A Mini Series of Stretchy Cast On Methods

The next CO method I tried was the Tubular Cast On. A lot of knitters swear by this one so I was expecting it to be a perfect stretchy cast on.

tmsco2

It’s not bad to work. The process is easy to work and it has the bonus of not having to guesstimate a tail like with the Long Tail CO. The edge it creates is quite pretty.

This CO takes a few rows to set up, but there are very few instances where that might be an issue. The rows of double knitting create a subtle roundness. I’m guessing that this would block flatter, but it’s not really all that noticeable.

tmsco1

As for it’s stretchy properties… Well, it kind of sucks in my opinion. It never completely relaxes with the ribbing. The ribbing on this swatch is 2 inches wide, but my cast on edge is 2.75 inches wide. The cast on edge does stretch like crazy (it stretched 5.5 inches), but it doesn’t snap back on it’s own. It remains stretched out until I give it a hard tug back into shape.

So would I use this one? Probably not. I think it could work when the ribbing is always going to be slightly stretched so the fact that the cast on edge doesn’t fold like the ribbing wouldn’t be noticeable. But having to tug it back into shape every time I stretch the edge is a deal breaker for me.

17 Comments

  • But which Tubular Cast on did you use? The one with the provisional start or the long-tail one? The long-tail version is stretchier. And much more of a PITA.

    I knit a hat (I think probably an Ysolda pattern) that recommended using the long-tail tubular cast on. I decided to do the other kind. Ta-dah, a hat that wouldn’t go over my head.

    bah

  • But which Tubular Cast on did you use? The one with the provisional start or the long-tail one? The long-tail version is stretchier. And much more of a PITA.

    I knit a hat (I think probably an Ysolda pattern) that recommended using the long-tail tubular cast on. I decided to do the other kind. Ta-dah, a hat that wouldn’t go over my head.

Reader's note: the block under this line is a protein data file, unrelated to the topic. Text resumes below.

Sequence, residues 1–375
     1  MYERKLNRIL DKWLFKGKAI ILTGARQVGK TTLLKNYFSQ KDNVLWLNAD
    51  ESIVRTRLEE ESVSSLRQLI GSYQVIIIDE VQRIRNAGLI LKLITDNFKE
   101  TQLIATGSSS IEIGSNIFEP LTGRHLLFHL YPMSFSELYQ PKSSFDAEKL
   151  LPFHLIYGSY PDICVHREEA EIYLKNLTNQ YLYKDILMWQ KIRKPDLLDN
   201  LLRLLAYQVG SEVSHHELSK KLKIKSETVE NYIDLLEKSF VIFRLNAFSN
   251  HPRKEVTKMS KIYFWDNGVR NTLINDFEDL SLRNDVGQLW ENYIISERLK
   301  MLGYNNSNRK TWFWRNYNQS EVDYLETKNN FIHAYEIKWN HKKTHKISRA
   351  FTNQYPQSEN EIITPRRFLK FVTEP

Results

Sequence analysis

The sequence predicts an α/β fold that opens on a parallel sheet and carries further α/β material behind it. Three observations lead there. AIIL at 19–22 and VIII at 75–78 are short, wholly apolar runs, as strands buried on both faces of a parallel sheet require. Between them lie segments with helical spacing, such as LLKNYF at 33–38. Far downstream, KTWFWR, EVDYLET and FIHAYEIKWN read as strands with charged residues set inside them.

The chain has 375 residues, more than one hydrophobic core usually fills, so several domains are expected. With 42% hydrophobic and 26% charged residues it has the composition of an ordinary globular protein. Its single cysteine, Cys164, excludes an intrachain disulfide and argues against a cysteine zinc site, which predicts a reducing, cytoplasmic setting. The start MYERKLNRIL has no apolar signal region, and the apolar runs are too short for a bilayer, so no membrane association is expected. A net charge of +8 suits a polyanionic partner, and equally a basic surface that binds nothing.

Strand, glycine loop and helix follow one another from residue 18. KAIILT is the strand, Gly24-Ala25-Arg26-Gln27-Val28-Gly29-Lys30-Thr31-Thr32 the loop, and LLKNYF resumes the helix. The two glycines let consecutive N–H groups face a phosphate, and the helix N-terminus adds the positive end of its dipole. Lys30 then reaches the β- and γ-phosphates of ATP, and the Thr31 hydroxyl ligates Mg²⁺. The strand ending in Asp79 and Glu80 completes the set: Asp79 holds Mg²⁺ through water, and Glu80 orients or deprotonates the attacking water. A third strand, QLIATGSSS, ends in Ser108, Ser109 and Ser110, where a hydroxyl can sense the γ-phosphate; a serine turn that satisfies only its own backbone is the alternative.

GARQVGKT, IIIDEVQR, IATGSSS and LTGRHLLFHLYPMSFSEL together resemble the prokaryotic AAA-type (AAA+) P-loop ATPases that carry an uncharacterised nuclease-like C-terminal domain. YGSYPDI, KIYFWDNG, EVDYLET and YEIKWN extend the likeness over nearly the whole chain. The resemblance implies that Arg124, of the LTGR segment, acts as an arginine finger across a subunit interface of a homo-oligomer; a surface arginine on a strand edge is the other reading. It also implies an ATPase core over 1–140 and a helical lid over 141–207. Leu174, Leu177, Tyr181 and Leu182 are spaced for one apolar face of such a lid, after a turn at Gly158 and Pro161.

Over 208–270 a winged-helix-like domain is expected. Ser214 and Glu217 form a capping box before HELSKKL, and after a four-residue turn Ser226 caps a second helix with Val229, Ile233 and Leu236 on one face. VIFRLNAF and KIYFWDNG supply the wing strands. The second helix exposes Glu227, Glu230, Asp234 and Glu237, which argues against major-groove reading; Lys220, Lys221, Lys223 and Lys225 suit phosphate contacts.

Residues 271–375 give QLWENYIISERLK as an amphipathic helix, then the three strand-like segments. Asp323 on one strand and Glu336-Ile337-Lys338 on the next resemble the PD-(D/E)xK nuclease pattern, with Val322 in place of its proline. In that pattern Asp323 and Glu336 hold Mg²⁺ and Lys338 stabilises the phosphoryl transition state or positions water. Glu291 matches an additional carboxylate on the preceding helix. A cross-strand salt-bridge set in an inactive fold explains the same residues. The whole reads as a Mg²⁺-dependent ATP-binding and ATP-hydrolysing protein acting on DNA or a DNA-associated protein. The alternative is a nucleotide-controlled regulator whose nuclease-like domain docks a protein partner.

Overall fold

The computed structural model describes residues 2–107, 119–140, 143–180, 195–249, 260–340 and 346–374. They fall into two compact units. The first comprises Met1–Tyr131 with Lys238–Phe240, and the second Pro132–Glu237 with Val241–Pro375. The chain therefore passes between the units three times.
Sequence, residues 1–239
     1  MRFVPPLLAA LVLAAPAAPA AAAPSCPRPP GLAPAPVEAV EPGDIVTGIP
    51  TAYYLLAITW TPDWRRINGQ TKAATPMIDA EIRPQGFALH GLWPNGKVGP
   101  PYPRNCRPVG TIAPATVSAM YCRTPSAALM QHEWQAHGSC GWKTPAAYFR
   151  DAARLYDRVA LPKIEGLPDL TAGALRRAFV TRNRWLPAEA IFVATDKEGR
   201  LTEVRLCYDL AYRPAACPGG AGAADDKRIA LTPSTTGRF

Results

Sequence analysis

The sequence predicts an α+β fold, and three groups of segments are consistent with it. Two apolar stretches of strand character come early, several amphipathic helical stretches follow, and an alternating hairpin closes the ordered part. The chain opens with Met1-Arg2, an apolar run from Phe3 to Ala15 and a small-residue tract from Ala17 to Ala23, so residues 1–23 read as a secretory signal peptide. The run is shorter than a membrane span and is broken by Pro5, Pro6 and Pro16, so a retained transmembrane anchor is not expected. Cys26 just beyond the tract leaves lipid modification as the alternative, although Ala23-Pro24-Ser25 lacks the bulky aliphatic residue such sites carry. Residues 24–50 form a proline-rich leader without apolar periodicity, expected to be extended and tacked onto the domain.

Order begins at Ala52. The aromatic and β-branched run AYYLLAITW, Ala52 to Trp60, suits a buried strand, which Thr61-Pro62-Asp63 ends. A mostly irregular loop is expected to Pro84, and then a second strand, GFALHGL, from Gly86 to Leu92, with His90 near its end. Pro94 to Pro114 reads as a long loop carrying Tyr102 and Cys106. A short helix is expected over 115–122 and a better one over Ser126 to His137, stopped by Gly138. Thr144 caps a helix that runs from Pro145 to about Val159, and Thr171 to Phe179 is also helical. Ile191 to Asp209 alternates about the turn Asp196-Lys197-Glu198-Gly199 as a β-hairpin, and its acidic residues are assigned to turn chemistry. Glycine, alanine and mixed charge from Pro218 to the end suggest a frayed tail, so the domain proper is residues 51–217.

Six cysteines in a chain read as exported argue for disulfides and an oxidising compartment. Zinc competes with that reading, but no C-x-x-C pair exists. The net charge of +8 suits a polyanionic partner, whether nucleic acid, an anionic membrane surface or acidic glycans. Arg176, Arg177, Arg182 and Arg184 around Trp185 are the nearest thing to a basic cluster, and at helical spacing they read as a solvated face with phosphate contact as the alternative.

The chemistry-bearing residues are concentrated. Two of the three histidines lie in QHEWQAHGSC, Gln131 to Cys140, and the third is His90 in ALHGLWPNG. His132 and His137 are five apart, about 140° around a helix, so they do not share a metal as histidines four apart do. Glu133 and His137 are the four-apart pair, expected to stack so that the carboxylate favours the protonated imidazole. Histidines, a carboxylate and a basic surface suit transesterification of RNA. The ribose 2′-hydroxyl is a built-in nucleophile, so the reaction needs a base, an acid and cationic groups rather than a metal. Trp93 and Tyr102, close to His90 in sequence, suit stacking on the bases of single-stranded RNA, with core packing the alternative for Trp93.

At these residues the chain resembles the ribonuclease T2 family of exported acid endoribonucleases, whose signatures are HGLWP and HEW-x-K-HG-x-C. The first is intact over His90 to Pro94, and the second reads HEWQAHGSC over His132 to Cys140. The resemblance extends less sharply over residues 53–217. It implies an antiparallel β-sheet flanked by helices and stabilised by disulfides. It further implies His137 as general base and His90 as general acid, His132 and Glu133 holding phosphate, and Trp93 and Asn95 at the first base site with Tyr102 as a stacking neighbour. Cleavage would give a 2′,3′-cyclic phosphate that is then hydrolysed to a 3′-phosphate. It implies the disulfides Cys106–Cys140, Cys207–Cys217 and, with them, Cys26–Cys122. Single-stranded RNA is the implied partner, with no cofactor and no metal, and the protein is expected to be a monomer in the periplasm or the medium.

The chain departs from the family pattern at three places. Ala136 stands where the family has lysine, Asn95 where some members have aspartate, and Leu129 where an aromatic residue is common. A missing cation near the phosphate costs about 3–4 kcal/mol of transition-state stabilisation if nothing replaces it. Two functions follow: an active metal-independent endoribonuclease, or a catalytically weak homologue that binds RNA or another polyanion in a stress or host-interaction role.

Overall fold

bah

  • Interesting… I’ve used the tubular cast on for my Hey Teach and I love the way it look generally aside for the fact that it has a slight tendency to sproing in (not out) — I wonder why it’s different.

    I used the method described in Nancie Wiseman’s The Knitter’s Book of Finishing Techniques which I think is the provisional method.

    For me, this is probably a new go-to cast on for 1×1 ribbing though – I really do like the way it looks (but sadly haven’t taken any photos yet).

  • I got the hang of the long-tail method recently and I love it for 1×1 ribbing. It looks way professional and as a bonus you have a tube to thread your ends into when you seam up.
    Not had any issue with stretchiness though, it seems to do just fine on the edges of jumpers, gloves etc.

  • I got the hang of the long-tail method recently and I love it for 1×1 ribbing. It looks way professional and as a bonus you have a tube to thread your ends into when you seam up.
    Not had any issue with stretchiness though, it seems to do just fine on the edges of jumpers, gloves etc.

  • Wondering which directions you followed for this sample?
    It doesn’t look quite… {right?} Provisional part gets removed after a few rows?
    This looks like all knit stitches instead of a K1, P1 rib – the stretchy version most of those knitters were probably swearing by. Curious! Off to explore more on this subject.

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